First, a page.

• As for tech jobs in NH, Oracle Corp (where I work) has amajor development center in Nashua, NH -- I got myself transferred there from Socialist California. Check jobs.oracle.com And of course, check the FSP NH Info page for jobs, housing, etc http://www.freestateproject.org/nhinfo/ [freestateproject.org]
    • For once the feds realized that something is a state matter and beyond their control. However, the feds can regulate themselves, such as specifying what federal offices will accept as valid identification. The law basically says they won't accept any state identification that doesn't comply with some basic rules, such as being in the country legally (something so sensible that it's not done in all states).

      States are free not to comply, but they might get some gripes from the people trying to collect their w
  • which last year passed 100-0...

    Damn! So much for Mr. Feingold [watchblog.com]...Thought we had a winner for a second.
  • by JoeShmoe (90109) <askjoeshmoe@hotmail.com> on Wednesday March 15, 2006 @09:30PM (#14929532)
    If you look at the textmode setup screen, you can see there's a 256MB USB key present (244MB storage device). Later after the GUI is booted, you can see under Disk Drives there's a Generic USB storage disk.

    I'm willing to bet that what's happening here it that he's managed to copy the NT bootloader onto the USB drive and then boot to it. Booting to USB devices is, I believe, something that Apple supports. I know it's supported by every current BIOS so why should the next generation EFI have fewer features? Maybe if you plug in a bootable USB device, the EFI will boot it instead of the MBR on the primary disk drive...or more likely there's a hotkey to boot to USB devices like how holding "C" I think forces a boot to CD-ROM.

    Anyway, the sneaky part is that booting to CD-ROM or USB kicks in all sorts of helpful things. Booting to most CD-ROMs (El Torito spec) creates a fake "A:" drive with the contents of the bootsector binary file. Ironically, you can't acccess the CD-ROM itself unless that bootsector loads a CD-ROM driver. Booting to USB drives, I would guess, creates Int 13 or 80h or whatver it's called...basically BIOS-compatible addressing for drives. This is how funky SCSI or RAID controllers can create drives that you can see in DOS, which has no idea how to access a 32-bit PCI device.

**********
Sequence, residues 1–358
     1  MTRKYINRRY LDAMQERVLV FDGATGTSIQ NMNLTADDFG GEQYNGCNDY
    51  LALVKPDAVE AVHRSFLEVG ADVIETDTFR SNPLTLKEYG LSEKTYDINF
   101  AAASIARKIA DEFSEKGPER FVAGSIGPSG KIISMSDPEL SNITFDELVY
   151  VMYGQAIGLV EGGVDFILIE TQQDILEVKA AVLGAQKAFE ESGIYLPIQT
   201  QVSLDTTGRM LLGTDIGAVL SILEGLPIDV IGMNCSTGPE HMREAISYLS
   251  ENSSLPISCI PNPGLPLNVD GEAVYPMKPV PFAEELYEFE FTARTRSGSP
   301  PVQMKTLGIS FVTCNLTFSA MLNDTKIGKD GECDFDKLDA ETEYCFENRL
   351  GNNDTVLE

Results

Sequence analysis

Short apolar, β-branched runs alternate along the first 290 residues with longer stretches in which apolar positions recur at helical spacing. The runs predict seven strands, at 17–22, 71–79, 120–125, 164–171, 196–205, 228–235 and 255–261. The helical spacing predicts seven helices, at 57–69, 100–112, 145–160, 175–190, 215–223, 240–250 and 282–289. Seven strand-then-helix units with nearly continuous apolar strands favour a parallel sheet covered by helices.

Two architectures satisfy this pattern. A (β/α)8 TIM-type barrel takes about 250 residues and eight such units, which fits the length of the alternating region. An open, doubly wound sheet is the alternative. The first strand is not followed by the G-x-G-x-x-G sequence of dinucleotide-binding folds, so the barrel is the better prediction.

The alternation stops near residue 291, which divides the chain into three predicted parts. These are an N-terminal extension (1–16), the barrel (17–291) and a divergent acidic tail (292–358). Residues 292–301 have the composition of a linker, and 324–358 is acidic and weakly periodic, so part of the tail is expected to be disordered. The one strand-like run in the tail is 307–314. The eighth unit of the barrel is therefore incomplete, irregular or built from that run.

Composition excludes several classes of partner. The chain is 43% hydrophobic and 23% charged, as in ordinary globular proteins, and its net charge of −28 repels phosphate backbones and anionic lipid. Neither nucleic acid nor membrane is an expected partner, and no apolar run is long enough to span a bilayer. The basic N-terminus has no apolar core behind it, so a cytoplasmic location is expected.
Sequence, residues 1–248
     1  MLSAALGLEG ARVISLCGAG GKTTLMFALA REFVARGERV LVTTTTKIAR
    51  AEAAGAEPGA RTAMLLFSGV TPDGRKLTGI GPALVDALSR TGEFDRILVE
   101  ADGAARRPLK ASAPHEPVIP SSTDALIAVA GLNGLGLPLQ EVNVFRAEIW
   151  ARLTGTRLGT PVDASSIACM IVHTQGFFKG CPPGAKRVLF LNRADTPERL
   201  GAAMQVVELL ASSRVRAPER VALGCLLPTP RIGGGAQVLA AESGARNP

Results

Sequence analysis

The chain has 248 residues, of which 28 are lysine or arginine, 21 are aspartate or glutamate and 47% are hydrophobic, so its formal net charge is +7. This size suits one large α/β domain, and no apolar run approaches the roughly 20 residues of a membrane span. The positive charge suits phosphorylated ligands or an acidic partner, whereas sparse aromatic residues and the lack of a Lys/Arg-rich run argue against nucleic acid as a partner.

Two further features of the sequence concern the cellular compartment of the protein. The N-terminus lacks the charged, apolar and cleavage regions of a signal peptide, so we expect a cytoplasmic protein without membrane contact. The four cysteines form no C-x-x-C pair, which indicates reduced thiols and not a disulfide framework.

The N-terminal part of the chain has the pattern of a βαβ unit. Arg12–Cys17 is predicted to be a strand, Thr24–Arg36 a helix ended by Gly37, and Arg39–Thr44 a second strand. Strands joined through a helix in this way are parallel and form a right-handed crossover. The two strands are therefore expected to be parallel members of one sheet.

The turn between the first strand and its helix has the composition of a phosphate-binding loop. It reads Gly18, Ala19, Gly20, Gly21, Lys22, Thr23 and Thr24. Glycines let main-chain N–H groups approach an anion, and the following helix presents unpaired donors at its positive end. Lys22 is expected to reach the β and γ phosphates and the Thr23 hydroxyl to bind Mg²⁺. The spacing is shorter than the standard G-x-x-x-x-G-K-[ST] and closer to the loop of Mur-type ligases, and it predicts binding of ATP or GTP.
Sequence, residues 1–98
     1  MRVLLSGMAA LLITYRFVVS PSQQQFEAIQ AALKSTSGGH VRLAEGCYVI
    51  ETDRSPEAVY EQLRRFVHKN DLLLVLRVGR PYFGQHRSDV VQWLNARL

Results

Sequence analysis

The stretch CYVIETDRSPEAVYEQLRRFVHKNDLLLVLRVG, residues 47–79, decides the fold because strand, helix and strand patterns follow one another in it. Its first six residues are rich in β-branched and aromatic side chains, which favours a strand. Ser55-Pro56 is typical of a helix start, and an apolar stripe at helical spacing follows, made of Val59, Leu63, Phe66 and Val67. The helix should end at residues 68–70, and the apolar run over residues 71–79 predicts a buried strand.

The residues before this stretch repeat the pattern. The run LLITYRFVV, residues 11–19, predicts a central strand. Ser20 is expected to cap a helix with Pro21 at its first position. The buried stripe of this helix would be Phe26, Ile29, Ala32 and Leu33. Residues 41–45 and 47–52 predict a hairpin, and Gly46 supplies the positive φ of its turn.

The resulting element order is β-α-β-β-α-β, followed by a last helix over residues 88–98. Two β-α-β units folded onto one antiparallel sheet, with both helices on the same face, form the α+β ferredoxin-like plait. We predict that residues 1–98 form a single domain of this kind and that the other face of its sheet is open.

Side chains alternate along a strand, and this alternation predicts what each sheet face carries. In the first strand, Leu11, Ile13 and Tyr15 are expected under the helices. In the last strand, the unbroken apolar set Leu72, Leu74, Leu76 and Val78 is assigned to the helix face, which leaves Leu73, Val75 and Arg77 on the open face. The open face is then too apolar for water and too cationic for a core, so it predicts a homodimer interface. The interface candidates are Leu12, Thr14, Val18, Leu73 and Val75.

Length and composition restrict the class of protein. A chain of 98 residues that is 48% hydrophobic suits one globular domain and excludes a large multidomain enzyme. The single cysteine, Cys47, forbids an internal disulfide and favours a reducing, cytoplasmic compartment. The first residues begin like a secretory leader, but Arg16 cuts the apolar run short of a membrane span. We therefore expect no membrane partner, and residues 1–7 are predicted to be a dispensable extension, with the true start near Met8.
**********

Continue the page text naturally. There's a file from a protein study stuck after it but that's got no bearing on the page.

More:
So my theory is that the Mac creates a C: drive and loads the NT installer kernal, at which point the installer loads the right driver to see the IDE drivers (or perhaps he loads the appropriate textmode driver for the actual disk controller). Once the kernal can see the drive, it can put the pointer in the BOOT.INI and format and partition it. Then, the USB drive becomes the boot drive (has BOOT.INI, NTLDR, etc) and the internal IDE drive becomes the system drive (\WINDOWS directory, pagefile, etc).

    There are people who know how to boot the NT kernal from USB keys and even read-only media like CD-ROMs. I wonder if anyone has tried using a WinXP embedded bootable CD on an Intel Mac (like BartPE or the official Microsoft recovery one. It's a clever idea, and I wouldn't be surprised if this is the magic step. As a bonus, using the BIOS emulation provided by USB burning would probably bypass all of the trusted computing components since they are not DOS compatible.

    Still, talk about making a sow's ear out of a silk purse!

    -JoeShmoe
    .
    • by Anonymous Coward
      Actually, I think it is more along the lines of this:

      EFI looks for a bootloader on certain types of filesystems. On the Intel Mac, HFS+ and FAT32 are supported, nothing else. So what you do is you write your own EFI bootloader which loads a CSM to get BIOS compatibility, and loads the NT kernel and so on. You can also patch the in-RAM copy of EFI with your bootloader to know how to load El Torito CDs to do the install as well.

      Once you have a functional CSM and a bootloader that knows how to load the NT kern
    • If it was as simple as booting off a usb drive, it would be done already. Long ago. The problem is that windows needs a BIOS. It's looking in the BIOS region for video support and other things that simply aren't there. Apple doesn't have one with the iMac, so booting off the drive can't "create an int 80h" and expect regular BIOS things to happen.

      The most plausible trick I've seen thus far is writing a new bootloader that copies one of the open source BIOSes (who would have thought they'd be useful!?) into
    • IIRC, Intel-based Apples don't support El Torito, and they definitely don't support all the assorted legacy BIOS calls you need to run the standard Windows bootloader (hence why it's so difficult).
  • by Anonymous Coward

    I know you can't be ultra-knowledgable about everything, but I would have thought that Vint Cert would know better than to talk about topics he's ignorant of.

    A more serious problem has been that JAVA programmers for web pages often don't know that there are more than seven gTLDs and that many of them have more than three letters. That leads to rejection of email addresses and other entries into web forms that make reference to domain names. We need some educational outreach to fix that.

    How about an e